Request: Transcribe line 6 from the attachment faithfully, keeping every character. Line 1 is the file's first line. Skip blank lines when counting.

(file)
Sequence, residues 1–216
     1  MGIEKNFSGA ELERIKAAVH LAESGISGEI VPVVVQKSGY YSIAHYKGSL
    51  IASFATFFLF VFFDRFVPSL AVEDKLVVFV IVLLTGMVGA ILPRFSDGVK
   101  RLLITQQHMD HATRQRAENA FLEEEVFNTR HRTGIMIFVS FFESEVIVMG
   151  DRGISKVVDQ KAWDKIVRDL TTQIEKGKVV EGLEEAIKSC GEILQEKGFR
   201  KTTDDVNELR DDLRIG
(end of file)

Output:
   201  KTTDDVNELR DDLRIG